Longitudinal Data Analysis Using Stata

A 2-Day Seminar Taught by Paul Allison, Ph.D. 

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PANEL DATA OFFER MAJOR OPPORTUNITIES AND SERIOUS PITFALLS

The most common type of longitudinal data is panel data, consisting of measurements of predictor and response variables at two or more points in time for many individuals. Such data have two major attractions: the ability to control for unobservables, and the determination of causal ordering.

However, there is also a major difficulty with panel data: repeated observations are typically correlated and this invalidates the usual assumption that observations are independent. There are four widely available methods for dealing with dependence: robust standard errors, generalized estimating equations, random effects models and fixed effects models. This course examines each of these methods in some detail, with an eye to discerning their relative advantages and disadvantages. Different methods are considered for quantitative outcomes and categorical outcomes.

This is a hands-on course with ample opportunity for participants to practice the different methods.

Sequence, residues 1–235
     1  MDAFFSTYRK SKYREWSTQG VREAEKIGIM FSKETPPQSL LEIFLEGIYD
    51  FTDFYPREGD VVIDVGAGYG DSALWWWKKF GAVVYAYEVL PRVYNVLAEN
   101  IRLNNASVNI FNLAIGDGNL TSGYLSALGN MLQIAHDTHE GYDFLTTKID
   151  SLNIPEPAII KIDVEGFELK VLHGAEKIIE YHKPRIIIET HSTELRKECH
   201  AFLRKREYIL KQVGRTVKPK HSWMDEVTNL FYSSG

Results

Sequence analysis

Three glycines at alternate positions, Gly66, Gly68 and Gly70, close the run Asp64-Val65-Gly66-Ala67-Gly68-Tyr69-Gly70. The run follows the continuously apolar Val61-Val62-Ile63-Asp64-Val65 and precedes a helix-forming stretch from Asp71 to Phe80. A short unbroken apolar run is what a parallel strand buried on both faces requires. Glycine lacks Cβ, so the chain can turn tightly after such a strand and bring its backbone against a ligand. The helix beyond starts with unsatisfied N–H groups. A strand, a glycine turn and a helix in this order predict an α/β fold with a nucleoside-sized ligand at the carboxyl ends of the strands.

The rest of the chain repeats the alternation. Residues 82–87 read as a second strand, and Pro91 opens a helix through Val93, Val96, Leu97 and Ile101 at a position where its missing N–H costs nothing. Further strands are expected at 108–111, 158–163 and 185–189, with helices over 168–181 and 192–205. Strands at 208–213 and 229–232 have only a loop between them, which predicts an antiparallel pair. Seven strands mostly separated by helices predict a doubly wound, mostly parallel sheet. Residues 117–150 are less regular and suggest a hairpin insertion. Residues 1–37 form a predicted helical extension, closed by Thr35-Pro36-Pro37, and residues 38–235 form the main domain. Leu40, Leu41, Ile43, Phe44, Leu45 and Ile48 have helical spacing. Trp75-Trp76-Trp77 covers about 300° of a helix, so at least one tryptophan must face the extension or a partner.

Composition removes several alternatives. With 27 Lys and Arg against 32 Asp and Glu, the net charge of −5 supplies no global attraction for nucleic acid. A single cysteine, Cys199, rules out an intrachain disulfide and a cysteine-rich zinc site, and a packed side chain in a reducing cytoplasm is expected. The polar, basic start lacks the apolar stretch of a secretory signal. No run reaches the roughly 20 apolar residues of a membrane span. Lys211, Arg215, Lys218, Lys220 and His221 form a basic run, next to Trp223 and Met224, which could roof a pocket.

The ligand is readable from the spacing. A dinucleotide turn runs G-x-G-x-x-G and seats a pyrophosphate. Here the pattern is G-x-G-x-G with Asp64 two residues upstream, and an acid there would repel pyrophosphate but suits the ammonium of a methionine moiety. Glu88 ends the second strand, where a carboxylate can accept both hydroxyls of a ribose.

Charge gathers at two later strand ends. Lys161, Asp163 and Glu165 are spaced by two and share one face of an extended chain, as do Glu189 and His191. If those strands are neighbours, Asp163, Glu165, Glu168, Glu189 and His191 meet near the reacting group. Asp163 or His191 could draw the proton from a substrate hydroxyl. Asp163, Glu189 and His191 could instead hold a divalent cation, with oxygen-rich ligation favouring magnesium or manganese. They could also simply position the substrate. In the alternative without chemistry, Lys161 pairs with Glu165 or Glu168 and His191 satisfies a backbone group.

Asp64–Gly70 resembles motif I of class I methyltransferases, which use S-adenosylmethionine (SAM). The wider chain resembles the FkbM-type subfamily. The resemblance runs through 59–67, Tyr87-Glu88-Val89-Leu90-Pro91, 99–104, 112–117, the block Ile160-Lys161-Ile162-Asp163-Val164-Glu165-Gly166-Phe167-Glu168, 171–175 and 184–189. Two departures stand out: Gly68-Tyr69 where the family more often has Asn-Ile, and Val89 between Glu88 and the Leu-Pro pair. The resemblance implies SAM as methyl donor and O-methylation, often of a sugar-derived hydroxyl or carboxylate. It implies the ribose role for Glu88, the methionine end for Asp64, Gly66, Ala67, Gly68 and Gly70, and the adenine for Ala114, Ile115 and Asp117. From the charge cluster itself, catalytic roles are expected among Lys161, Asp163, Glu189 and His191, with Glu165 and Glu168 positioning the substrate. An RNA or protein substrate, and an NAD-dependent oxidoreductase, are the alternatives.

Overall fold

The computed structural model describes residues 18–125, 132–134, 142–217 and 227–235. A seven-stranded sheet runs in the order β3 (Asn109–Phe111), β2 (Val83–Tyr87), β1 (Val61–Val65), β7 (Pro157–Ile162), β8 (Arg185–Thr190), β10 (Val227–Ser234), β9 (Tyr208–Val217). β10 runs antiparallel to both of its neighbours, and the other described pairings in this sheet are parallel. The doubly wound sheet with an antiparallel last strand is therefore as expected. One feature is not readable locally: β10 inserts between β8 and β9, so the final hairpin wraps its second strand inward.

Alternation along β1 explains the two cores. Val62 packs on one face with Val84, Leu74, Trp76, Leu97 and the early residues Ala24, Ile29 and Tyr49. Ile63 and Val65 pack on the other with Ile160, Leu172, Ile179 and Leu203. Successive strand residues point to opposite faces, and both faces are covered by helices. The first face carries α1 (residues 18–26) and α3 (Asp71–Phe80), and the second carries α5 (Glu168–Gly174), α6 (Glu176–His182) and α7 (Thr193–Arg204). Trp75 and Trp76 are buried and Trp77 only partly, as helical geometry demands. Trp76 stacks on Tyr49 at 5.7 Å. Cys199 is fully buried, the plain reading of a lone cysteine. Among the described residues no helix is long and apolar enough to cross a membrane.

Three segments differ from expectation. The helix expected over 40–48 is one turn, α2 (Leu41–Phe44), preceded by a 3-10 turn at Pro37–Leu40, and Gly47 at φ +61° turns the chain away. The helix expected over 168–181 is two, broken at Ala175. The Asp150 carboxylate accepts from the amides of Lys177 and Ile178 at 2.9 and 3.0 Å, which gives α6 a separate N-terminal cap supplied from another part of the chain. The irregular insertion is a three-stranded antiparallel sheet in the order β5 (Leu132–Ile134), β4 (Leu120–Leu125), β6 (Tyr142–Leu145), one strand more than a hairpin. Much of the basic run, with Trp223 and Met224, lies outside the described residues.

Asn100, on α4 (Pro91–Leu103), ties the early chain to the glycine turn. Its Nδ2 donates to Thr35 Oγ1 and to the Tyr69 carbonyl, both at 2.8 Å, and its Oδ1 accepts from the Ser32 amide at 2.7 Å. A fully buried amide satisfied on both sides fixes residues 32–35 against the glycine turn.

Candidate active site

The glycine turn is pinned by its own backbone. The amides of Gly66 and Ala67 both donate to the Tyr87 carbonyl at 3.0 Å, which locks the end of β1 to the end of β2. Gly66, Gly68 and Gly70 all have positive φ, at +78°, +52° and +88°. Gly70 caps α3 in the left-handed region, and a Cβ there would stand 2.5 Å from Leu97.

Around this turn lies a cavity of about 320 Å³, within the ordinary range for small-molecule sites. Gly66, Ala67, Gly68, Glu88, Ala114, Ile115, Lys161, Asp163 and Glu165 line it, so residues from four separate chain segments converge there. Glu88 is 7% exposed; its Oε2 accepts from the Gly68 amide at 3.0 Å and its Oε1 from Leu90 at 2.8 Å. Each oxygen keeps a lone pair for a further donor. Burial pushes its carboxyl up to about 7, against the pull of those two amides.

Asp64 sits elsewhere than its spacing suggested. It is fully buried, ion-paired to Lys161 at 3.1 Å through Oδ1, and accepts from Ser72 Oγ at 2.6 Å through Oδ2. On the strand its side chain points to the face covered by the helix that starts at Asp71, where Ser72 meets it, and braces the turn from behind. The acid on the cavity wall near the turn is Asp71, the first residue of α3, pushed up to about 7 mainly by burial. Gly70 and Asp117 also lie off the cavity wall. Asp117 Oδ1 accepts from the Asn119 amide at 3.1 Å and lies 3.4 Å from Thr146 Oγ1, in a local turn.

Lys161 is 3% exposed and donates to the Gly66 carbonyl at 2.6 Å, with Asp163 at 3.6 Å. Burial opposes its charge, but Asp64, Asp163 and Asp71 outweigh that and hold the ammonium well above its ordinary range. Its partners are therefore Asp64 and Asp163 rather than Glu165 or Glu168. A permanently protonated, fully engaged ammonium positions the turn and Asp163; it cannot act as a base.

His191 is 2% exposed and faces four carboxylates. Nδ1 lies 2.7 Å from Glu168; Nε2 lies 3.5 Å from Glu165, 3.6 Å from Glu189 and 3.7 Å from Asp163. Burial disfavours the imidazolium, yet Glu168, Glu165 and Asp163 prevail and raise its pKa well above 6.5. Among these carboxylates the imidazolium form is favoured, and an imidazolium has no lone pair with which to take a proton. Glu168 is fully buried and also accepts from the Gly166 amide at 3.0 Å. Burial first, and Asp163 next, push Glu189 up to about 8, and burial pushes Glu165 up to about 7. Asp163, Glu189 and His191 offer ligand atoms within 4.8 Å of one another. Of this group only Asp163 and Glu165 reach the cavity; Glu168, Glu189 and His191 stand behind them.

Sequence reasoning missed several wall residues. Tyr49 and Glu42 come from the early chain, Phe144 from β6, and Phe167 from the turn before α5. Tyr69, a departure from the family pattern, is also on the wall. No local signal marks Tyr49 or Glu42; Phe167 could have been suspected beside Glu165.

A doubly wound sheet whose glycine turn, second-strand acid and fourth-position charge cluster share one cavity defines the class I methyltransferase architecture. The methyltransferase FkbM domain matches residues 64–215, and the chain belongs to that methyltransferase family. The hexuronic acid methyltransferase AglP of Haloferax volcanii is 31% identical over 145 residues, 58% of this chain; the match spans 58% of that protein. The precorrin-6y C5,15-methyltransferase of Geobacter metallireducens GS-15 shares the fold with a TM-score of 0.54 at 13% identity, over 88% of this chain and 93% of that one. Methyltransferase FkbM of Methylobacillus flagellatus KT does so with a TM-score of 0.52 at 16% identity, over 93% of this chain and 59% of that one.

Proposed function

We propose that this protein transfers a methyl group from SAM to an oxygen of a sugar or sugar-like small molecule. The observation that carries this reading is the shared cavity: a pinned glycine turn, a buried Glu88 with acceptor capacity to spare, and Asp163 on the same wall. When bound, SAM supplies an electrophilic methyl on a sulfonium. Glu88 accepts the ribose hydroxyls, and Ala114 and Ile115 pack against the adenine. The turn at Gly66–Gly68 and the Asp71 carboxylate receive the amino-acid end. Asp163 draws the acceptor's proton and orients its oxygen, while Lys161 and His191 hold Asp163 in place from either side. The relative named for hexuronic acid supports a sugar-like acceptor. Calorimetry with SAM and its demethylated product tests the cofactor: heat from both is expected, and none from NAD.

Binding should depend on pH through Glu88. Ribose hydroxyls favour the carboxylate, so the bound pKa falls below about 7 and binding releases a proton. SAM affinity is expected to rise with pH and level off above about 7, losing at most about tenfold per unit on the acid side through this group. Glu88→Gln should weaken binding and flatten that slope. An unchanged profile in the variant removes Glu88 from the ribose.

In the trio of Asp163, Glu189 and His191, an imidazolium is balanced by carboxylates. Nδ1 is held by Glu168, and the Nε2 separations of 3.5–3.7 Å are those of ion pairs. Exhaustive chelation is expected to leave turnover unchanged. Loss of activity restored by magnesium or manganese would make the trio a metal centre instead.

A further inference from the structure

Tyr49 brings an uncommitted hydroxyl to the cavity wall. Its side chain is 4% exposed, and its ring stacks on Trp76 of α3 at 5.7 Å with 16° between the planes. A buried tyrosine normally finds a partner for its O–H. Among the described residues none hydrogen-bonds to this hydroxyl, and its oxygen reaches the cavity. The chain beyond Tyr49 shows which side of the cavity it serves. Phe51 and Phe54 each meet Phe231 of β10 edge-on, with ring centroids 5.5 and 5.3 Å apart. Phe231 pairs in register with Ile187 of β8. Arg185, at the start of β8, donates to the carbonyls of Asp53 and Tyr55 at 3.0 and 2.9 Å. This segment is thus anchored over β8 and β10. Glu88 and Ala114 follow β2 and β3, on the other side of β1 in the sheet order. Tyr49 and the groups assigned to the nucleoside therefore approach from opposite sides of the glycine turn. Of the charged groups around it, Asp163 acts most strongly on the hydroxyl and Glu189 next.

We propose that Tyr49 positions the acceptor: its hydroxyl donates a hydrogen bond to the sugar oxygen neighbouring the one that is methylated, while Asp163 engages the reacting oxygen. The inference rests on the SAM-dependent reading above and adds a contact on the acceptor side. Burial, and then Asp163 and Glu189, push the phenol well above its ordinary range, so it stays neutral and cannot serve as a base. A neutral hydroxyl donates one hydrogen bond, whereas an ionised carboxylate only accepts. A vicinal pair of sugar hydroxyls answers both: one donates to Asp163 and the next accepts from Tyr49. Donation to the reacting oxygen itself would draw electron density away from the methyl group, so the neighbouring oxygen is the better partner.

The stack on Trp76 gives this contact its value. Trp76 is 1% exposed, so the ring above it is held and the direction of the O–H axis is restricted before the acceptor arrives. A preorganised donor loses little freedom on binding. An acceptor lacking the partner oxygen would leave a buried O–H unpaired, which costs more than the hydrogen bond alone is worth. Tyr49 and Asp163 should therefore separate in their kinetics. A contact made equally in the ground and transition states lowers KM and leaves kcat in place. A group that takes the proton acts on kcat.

WHO SHOULD ATTEND? 

If you need to analyze longitudinal data and have a basic statistical background, this course is for you. You should have a good working knowledge of the principles and practice of multiple regression, as well as elementary statistical inference. And it is also helpful to have some familiarity with logistic regression. But you do not need to know matrix algebra, calculus, or likelihood theory. 


Computing

This seminar will use Stata for the many empirical examples and exercises. However, no previous experience with Stata is assumed. Lecture notes and exercises using SAS are also available on request. To participate in the hands-on exercises, you are strongly encouraged to bring a laptop computer with Stata installed (release 14; IC, SE, or MP versions are all acceptable). Stata 12 or 13 is OK, but earlier versions of Stata will lack some of the functionality demonstrated in the seminar. A power outlet and wireless access will be available at each seat.

Seminar participants who are not yet ready to purchase Stata could take advantage of StataCorp’s free 30-day evaluation offer or their 30-day software return policy. 


LOCAtion, Format, And Materials 

The course will meet Thursday, May 18 and Friday, May 19 at the Conference Chicago at University Center, 525 South State Street Chicago, IL 60605.

The class will meet from 9 to 5 each day with a 1-hour lunch break. 

Participants receive a bound manual containing detailed lecture notes (with equations and graphics), examples of computer printout, and many other useful features. This book frees participants from the distracting task of note taking. 


Registration and lodging

The fee of $995.00 includes all seminar materials. The early registration fee of $895 is available until April 18.

Refund Policy